Pelosi Fdtn Giving Down 35%;
AIDS Orphans Received $250
IRS 990 tax filing from the Paul and Nancy Pelosi Charitable Foundation
was recently posted online and the amount of grants it gave out last
year $84,950, is down 35% from 2009 when the amount was $131,500.
Here's what a July 2011 article in The Hill reported about her net worth when Congress released members' financial disclosure reports:
House Minority Leader Nancy Pelosi (D-Calif.) saw her net worth rise
62 percent last year, cementing her status as one of the wealthiest
members of Congress.
Pelosi was worth at least $35.2 million in
the 2010 calendar year, according to a financial disclosure report
released Wednesday. She reported a minimum of $43.4 million in assets
and about $8.2 milion in liabilities. For 2009, Pelosi reported a minimum net worth of $21.7 million.
Just a reminder that she and her husband are part of the 1% in America, who, in my opinion, should be taxed more.
According to the 2010 rankings compiled by OpenSecrets.org, Pelosi is number nine on the list of House and Senate members for net worth, just ahead of Jay Rockefeller.
take a peek at the recipients last year of the Pelosi Foundation's
largess, according to the actual pertinent pages of its IRS 990:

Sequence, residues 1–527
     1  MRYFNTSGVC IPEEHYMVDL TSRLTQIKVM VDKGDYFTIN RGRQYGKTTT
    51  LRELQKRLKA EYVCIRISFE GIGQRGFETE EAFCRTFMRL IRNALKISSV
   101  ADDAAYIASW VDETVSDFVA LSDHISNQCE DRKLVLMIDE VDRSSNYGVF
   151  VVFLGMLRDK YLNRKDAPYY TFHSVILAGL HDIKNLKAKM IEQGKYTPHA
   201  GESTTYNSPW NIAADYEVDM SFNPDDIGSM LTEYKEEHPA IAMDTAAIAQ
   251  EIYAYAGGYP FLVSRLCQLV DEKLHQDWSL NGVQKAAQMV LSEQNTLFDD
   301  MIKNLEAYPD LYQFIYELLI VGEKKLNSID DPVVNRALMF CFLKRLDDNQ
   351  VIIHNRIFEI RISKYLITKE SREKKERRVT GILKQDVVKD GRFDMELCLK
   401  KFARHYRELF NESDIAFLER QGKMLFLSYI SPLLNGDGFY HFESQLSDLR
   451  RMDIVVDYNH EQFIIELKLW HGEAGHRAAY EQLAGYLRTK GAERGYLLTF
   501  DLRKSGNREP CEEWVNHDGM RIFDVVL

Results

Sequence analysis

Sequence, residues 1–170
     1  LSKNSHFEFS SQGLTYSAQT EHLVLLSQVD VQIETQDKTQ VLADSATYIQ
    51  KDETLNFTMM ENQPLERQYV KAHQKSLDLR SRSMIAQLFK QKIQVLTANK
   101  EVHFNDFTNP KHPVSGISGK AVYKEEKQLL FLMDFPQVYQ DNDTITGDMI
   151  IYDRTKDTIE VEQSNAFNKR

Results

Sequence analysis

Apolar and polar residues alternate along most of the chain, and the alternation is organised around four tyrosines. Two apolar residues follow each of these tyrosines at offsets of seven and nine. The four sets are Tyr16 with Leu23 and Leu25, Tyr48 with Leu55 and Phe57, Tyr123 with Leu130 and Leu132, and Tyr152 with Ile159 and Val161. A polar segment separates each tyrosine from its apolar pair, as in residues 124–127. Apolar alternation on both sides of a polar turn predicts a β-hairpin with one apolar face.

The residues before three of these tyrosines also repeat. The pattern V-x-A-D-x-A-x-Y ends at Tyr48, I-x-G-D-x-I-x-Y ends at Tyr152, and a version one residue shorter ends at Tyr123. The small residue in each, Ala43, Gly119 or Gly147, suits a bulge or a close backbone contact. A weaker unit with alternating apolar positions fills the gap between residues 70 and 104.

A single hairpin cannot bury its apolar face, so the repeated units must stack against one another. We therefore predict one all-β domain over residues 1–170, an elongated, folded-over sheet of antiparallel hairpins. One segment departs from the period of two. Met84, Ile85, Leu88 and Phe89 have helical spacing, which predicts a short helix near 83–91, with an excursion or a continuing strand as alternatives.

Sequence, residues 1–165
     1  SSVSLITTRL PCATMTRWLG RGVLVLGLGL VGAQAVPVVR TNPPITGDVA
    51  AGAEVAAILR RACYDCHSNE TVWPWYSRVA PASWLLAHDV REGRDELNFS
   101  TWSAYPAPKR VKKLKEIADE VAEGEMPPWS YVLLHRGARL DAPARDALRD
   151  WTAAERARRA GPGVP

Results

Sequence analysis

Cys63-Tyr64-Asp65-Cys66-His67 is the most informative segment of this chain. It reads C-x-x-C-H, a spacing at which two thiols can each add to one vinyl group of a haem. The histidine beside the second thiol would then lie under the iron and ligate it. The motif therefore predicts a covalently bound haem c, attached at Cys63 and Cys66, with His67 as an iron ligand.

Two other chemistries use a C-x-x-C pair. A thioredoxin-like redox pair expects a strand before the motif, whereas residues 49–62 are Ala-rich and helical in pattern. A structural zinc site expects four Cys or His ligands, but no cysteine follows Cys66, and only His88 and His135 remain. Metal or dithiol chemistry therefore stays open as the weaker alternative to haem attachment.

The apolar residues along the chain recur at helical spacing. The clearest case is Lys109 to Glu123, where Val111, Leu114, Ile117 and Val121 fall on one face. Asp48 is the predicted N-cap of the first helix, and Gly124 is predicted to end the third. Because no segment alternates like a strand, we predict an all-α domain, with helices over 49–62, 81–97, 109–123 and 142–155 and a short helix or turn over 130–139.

Here's the list of nonprofits transcribed from the IRS 990 that received grants last year from the Pelosi Foundation:
1. Georgetown University: $25,000
2. SF Museum of Modern Art: $20,000
3. Trinity College: $10,000
4. St. Martin de Porres School: $10,000
5. SF Convent and Stuart Hall: $3,000
6. UCSF Cardiology Foundation: $2,500
7. SF Free Clinic: $2,500
8. SF Ballet: $2,000
9. SF 42nd Street Moon Musicals: $2,000
10. SF Enterprise High School: $1,500
11. Larkin Street Youth Services: $1,000
12. SF AIDS Foundation AIDS Lifecycle: $1,000
13. SF American Conservatory Theatre: $1,000
14. SF Exploratorium: $1,000
15. SF University: $1,000
16. SF Commonwealth Club: $500
17. SF Fine Arts Museum: $450
18. Global Family Community, AIDS Orphans: $250
19. Network for Food: $250
Thank goodness we have so many transparency laws (we could use a few more), that help us follow the money of the 1%.